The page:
Normally the Forms Library reports errors. This can be avoided using the routine


   void fl_show_errors(int show)

show indicates whether to show (1) or not show (0) the errors.

The fonts used in all forms can be changed using the routine  


   void fl_set_font_name(int numb,const char *name)

where numb is a number between 0 and (FL_MAXFONTS-1).

See section 3.11.3 for details. A redraw of all forms is required to actually see the change for visible forms.

Since the dimension of an object is typically given in pixels, depending on the server resolution and the font used, this can lead to unsatisfactory user interfaces. For example, a button designed to (just) contain a label in a 10pt font on a 75 DPI monitor will have the label overflow the button on a 100DPI monitor. This comes about because a character in a 10pt font with 75DPI resolution may have 10 pixels while the same character in the same 10 pt font with 100DPI resolution may have 14 pixels. Thus when designing the interfaces, leave a few pixels extra for the object. Or use a resolution independent unit, such as point, or centi-point etc.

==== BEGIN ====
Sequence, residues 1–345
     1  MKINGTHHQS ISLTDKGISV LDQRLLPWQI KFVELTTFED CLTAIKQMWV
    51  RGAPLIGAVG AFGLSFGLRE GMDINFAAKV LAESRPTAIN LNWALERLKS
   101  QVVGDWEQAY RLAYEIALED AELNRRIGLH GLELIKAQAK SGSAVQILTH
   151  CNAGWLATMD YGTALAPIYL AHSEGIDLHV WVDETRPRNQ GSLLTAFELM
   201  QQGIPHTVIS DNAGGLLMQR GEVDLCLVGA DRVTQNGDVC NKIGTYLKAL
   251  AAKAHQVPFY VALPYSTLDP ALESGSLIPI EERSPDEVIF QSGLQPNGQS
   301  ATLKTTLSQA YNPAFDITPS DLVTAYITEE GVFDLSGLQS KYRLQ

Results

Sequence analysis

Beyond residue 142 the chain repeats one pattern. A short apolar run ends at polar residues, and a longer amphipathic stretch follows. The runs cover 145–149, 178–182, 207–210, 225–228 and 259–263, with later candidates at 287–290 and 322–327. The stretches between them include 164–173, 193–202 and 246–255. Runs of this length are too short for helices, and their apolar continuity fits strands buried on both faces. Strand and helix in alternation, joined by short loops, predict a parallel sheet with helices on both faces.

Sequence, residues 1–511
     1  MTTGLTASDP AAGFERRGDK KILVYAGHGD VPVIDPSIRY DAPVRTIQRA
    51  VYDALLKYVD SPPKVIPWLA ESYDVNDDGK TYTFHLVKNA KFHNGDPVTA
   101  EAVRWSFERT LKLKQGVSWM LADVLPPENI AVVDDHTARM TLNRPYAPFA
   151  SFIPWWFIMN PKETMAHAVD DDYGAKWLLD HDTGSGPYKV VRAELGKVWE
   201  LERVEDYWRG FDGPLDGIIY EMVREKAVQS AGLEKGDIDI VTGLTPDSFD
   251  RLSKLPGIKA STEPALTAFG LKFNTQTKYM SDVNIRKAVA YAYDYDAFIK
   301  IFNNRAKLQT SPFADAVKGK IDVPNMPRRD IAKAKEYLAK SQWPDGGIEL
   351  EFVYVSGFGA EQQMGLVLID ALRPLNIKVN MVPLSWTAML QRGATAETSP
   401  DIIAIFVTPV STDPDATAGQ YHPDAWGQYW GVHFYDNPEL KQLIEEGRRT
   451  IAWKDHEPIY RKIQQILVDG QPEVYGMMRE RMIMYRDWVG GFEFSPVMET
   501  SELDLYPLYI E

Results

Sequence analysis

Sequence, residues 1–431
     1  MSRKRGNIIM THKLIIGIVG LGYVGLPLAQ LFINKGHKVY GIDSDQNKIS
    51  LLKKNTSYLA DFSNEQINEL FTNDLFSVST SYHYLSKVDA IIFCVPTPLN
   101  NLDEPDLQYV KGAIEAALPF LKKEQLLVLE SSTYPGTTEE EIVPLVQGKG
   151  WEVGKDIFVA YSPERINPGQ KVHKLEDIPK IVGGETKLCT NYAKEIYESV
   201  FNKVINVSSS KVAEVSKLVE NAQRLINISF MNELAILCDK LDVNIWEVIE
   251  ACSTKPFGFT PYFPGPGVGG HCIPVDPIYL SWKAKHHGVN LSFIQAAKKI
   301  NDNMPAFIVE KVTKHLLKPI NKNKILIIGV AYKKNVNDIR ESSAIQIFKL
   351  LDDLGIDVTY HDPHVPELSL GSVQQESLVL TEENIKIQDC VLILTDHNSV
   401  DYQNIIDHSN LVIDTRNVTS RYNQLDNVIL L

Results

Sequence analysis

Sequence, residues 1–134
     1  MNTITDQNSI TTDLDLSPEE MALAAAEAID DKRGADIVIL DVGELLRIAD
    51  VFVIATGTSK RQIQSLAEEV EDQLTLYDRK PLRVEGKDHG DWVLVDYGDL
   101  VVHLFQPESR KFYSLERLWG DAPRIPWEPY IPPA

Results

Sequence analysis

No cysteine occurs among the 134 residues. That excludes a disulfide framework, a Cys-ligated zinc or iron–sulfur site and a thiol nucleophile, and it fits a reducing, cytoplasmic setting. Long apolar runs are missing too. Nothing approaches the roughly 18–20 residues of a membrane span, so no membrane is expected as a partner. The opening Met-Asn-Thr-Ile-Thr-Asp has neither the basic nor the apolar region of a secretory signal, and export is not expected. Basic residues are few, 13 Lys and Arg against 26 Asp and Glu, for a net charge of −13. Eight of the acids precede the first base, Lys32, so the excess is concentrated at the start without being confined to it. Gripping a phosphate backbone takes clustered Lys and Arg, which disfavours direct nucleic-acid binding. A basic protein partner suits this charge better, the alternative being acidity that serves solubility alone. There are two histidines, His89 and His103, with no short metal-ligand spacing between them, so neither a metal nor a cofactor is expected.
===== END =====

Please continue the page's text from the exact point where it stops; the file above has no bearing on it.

Using a resolution independent unit  for the object size should solve the font problems theoretically. In practice, this approach may still prove to be vulnerable. The reason is the discreteness of both the font resolution and the monitor/server resolutions. The standard X fonts only come in two discrete resolutions, 75 DPI and 100 DPI. Due to the variations in monitor resolutions, the same theoretically same sized font, say a 10pt font, can vary in sizes (pixels) up to 30% depending on the server (rendering a font on a 80DPI monitor will cause error in sizes regardless if 75 or 100DPI font is used.) This has not even taken into account the fact that a surprising number of systems have wrong font paths (e.g., a 90DPI monitor using 75DPI fonts etc).